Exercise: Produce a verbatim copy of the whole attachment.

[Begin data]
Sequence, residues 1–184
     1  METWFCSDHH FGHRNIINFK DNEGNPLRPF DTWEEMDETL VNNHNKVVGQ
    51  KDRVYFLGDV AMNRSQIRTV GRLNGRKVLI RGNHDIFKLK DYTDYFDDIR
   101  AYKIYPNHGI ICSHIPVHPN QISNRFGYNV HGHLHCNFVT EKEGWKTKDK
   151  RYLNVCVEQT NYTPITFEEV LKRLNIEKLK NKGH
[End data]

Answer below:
Sequence, residues 1–184
     1  METWFCSDHH FGHRNIINFK DNEGNPLRPF DTWEEMDETL VNNHNKVVGQ
    51  KDRVYFLGDV AMNRSQIRTV GRLNGRKVLI RGNHDIFKLK DYTDYFDDIR
   101  AYKIYPNHGI ICSHIPVHPN QISNRFGYNV HGHLHCNFVT EKEGWKTKDK
   151  RYLNVCVEQT NYTPITFEEV LKRLNIEKLK NKGH